- Hand towel - towel for drying hands, when in the kitchen. Made of terry cloth, fluffy, plain.
- Kitchen towel, or paper towel, or kitchen paper - paper towel, on a roll. Only with patterns if you have some sort of obsession or spend too much time in the supermarket.
- Dishcloth, or J-cloth - a cloth, generally damp, used for wiping dishes during washing. And for occasional worktop spills. Required to be blue or green and white gingham pattern by laws of decency.
- Sponge - yes. Usually with scouring pad on the top.
- Scourer - green, scratchy flat cloth, used to remove stubborn things from metal pans. Capable of destroying the nice china, non-stick surfaces. Sometimes a brillo pad or other metallic pad instead, or as well if enthusiastic.
- Bridget brush - plastic-fronded brush with a long handle, for attacking pans, jugs, glasses that are hard to clean with the sponge/scourer; often non-stick friendly. Best ones are pink.
- Bottle brush - wire-bound brush with radial fronds and a long handle, for poking inside bottles where nothing else fits. White, and for those over 45 only.
The problem with America is it is so wide spread that we don't always call items by the same name. We have pop, soda, and coke for referring to a carbonated soda depending on where you are from.
I have heard of tea towels all my life but I have heard then called wash clothes, cheese cloths (even if that isn't technically correct), hand towels, and kitchen towels. You might have better luck if you ask them if they carry any kitchen items or items used in the kitchen. It might at least get you in the correct part of the store.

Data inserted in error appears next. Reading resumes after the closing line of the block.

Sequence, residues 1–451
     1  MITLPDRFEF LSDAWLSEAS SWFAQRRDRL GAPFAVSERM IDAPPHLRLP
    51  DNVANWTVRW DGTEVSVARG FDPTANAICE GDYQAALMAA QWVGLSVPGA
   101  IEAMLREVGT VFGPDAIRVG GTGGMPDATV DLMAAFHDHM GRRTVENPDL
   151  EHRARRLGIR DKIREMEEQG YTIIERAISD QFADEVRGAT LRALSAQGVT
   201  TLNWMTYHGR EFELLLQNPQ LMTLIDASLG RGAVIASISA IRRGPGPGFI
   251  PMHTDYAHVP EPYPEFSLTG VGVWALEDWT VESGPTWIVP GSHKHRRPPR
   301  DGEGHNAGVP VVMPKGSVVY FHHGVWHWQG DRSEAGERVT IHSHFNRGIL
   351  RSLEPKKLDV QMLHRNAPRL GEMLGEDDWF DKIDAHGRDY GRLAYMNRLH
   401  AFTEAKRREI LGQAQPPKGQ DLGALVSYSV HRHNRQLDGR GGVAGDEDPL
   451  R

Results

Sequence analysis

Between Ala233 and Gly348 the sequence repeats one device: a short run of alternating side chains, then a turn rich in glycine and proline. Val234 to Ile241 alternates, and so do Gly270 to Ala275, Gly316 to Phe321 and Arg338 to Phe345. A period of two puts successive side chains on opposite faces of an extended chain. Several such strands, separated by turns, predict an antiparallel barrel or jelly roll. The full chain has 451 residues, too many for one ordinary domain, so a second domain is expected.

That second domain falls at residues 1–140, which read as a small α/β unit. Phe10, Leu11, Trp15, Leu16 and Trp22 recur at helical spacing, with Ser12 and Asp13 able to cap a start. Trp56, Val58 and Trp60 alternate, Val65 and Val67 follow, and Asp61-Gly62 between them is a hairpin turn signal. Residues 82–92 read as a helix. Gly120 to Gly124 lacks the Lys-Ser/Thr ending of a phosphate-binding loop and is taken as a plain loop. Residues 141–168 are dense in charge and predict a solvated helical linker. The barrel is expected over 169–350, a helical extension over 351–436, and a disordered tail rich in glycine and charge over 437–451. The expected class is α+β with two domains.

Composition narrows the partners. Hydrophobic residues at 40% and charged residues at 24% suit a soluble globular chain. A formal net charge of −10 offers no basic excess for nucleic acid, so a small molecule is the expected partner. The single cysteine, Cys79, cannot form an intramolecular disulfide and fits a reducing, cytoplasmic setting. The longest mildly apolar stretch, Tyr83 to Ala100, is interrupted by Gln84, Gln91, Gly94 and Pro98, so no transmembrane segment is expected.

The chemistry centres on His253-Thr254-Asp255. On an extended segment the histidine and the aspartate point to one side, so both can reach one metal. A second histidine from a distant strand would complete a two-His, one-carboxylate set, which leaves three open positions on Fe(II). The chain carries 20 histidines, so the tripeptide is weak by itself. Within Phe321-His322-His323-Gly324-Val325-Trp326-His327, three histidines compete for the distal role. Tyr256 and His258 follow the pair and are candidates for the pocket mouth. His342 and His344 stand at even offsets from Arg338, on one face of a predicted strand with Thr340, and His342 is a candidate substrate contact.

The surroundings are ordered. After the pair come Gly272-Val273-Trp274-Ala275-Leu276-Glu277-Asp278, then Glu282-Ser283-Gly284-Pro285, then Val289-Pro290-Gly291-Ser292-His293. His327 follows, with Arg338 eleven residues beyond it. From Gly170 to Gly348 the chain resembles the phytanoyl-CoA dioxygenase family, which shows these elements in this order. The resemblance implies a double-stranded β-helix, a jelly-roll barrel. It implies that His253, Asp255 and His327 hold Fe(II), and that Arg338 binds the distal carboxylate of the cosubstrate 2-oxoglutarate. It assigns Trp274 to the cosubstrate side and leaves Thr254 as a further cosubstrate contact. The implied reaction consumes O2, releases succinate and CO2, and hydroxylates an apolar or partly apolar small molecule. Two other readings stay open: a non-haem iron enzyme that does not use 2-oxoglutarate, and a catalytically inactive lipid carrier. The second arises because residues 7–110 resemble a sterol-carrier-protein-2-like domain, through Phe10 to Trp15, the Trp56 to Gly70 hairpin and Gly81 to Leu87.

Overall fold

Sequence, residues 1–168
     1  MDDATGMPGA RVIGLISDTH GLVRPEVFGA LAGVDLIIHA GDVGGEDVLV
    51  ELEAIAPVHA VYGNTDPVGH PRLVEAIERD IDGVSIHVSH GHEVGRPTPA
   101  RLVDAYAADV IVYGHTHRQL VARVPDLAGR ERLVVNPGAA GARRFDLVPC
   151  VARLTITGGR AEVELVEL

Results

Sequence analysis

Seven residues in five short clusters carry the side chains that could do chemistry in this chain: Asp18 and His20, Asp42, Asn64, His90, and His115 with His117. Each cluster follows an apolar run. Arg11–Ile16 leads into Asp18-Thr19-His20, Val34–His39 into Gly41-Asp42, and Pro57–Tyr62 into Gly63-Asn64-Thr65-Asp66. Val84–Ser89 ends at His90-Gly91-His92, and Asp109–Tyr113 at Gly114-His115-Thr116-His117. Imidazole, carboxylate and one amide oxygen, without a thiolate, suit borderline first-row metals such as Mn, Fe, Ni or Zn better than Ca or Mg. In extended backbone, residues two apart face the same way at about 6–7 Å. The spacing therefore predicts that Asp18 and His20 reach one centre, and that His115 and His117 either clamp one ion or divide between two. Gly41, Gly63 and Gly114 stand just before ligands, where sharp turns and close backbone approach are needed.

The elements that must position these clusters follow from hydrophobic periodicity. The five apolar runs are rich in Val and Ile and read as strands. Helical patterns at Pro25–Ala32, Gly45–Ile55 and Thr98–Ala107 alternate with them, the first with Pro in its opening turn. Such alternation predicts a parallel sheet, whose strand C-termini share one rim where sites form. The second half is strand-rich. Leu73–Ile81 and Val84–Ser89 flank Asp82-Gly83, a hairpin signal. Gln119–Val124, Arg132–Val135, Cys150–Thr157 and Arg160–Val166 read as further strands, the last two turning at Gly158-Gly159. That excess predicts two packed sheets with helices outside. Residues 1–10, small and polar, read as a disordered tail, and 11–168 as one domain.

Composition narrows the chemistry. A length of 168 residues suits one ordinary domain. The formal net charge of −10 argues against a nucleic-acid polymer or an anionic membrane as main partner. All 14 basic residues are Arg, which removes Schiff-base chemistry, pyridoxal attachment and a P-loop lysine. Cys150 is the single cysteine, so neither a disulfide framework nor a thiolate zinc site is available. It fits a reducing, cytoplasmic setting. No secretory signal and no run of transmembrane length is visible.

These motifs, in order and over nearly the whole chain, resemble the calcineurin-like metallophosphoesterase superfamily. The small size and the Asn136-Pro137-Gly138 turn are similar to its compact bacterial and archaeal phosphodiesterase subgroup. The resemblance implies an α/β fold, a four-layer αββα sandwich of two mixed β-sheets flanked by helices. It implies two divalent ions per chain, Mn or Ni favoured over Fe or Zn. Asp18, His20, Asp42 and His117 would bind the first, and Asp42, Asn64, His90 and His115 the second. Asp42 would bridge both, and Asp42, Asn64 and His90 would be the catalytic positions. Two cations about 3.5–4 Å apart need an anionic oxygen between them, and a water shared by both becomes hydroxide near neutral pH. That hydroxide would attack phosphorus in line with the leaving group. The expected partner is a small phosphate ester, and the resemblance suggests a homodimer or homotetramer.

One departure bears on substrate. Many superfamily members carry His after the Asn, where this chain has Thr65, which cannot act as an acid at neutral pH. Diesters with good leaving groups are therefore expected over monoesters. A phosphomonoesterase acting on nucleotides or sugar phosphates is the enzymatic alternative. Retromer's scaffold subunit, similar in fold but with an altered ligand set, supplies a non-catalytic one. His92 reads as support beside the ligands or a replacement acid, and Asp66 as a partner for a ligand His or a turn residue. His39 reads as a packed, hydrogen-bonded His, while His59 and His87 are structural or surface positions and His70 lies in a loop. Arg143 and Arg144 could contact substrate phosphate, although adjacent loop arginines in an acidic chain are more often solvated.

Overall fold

I hope you are having a lovely trip here.
This must be a very regional occurrence to call it a "tea towel" here in the United States. I have lived in California, Arizona, and Connecticut and have NEVER heard it referred to as a tea towel. Washcloth, dishcloth, dish towel, hand towel, kitchen towel, and dishrag are the only ones I have used or heard to it referred to as. If any of the previous posters would kindly put in their state of residence, it would go a long way in figuring out the state by state peculiarities. I have never personally made a distinction between the one used to dry a dish versus the one used to clean, as my family has always used sponges for actually cleaning the dishes so the cloth was always for drying. Now we just use the dishwasher 99% of the time.
I felt the need to chime in here, as I thought there were some interesting responses. Tea towel is most certainly a term used here in the US. They are commonly given as gifts, especially for weddings, and are often hand embroidered with flowers, monograms, etc. A keepsake item. The term has the same usage as British English. However, they may not be as common a souvenir item. If you go into any kitchen store or home decor gift shop, they will most certainly know what you are talking about. On the other hand, a souvenir shop that sells magnets, etc. isn't likely to have them. And if you're at a large retail store (or being attended by a younger person,) it's quite possible they won't know what you're talking about, but most kitchen sections will have some option of linen tea towel, albeit plain.